Well, it was a great end until I did my camp routine…not my day. With how tired I feel the first couple days of my period, everything feels like it takes double the effort and my reflexes are pretty slow. It took me awhile to do my camp routine and lots went wrong. When I got water, I noticed my 2L Sawyer bag had tons of holes squirting out water, presumably from brushing or leaning my pack against a cactus since I keep the bags in an exterior pocket. Good thing I have bonus bags, but all have some kind of repaired hole or slow leak I can accept for the rest of this trip. Another problem was that I didn’t notice my alcohol stove was smashed a bit, so it lowered the power of the burn and my Mac & Cheese was more like Mush & Cheese. I had to let it burn and cool before I could fix the little pop can contraption, by stretching it back out to allow more oxygen to flow through it. Then I had to add more fuel…I have very little to spare and have to ration it on long legs like this. I now might be short on fuel and unable to cook the final night of the leg if I’m not careful. In all this, I then managed to burn a layer of Mush & Cheese to the bottom of the pot. I now have the added pack weight of half a cup of burnt Mush and Cheese in my trash bag. Cleaning the pot and getting the black charred pasta off the bottom took forever. Yep, not my night.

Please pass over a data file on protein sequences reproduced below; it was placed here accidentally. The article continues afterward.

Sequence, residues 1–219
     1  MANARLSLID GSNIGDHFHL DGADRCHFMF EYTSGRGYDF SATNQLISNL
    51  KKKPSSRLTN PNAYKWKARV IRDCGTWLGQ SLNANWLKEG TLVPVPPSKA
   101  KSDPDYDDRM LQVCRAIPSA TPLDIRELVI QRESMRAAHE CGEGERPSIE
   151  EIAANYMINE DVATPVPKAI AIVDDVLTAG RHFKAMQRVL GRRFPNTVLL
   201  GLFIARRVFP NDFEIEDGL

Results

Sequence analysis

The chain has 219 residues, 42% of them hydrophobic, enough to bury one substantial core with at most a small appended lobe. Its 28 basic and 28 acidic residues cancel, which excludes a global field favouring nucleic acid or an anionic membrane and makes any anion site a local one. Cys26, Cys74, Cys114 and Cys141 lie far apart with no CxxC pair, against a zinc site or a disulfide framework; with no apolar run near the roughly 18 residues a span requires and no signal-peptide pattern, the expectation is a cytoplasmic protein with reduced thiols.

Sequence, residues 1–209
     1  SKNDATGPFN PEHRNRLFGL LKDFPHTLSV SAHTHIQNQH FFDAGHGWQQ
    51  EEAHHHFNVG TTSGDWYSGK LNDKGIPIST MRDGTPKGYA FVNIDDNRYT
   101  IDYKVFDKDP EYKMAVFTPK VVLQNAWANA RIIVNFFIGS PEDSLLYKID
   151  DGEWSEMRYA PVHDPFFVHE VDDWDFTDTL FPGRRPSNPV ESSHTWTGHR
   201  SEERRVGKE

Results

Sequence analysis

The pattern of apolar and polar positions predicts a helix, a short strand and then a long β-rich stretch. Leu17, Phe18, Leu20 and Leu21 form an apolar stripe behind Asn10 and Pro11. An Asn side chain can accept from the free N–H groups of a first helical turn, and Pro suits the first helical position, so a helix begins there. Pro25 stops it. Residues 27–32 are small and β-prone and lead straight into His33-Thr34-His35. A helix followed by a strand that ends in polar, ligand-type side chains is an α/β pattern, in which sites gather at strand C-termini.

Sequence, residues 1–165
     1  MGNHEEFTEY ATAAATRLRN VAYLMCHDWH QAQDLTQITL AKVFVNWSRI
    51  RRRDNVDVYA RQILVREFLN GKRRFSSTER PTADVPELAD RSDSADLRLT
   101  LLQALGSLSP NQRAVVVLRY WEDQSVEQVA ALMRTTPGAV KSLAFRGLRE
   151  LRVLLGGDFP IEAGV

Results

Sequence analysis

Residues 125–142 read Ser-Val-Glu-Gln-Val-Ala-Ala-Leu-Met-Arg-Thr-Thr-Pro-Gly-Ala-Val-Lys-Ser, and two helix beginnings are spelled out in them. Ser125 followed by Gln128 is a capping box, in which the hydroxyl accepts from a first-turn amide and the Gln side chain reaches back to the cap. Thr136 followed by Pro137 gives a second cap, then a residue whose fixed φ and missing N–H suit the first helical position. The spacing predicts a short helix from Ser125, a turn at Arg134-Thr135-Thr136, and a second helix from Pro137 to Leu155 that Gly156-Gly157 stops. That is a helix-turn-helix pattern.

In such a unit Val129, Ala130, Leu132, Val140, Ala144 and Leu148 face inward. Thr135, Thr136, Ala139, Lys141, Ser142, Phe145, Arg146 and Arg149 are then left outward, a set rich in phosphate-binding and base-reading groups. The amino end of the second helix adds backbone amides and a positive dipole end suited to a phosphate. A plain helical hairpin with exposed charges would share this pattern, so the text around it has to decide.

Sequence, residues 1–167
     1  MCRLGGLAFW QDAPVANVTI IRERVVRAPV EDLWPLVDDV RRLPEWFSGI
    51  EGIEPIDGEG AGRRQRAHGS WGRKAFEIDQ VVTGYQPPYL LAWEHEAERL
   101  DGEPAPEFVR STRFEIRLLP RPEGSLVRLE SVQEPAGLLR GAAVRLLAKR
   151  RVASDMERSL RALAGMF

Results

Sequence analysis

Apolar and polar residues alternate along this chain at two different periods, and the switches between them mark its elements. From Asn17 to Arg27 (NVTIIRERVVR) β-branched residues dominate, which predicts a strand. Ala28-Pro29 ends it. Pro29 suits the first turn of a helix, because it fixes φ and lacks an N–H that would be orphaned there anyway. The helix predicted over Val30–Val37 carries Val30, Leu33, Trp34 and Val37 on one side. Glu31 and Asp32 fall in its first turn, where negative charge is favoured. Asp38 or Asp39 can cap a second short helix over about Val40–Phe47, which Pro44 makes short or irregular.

It is a beautiful camp spot though! A nice beached area and the white noise of the rapids to give me a great night of sleep. Now that we are much lower, it’s even warmer and it’s 80F in my tent. It’s ok, but I’m wearing as little as possible and still sweating and sticking to my sleeping pad and sleeping bag, which I’ve now just pushed off to the side.
I realize I need to make efforts to get more photos of myself in trail. Just been a bit too tired to make that effort the last couple of days. Tomorrow will be interesting as we have 2-3 days of some of the most challenging hurdles and slow going terrain ahead. Some of it, I’ve been dreading all trip. We’ll see how it goes. It will be fun to sleep in without guilt tomorrow! Time to rest up…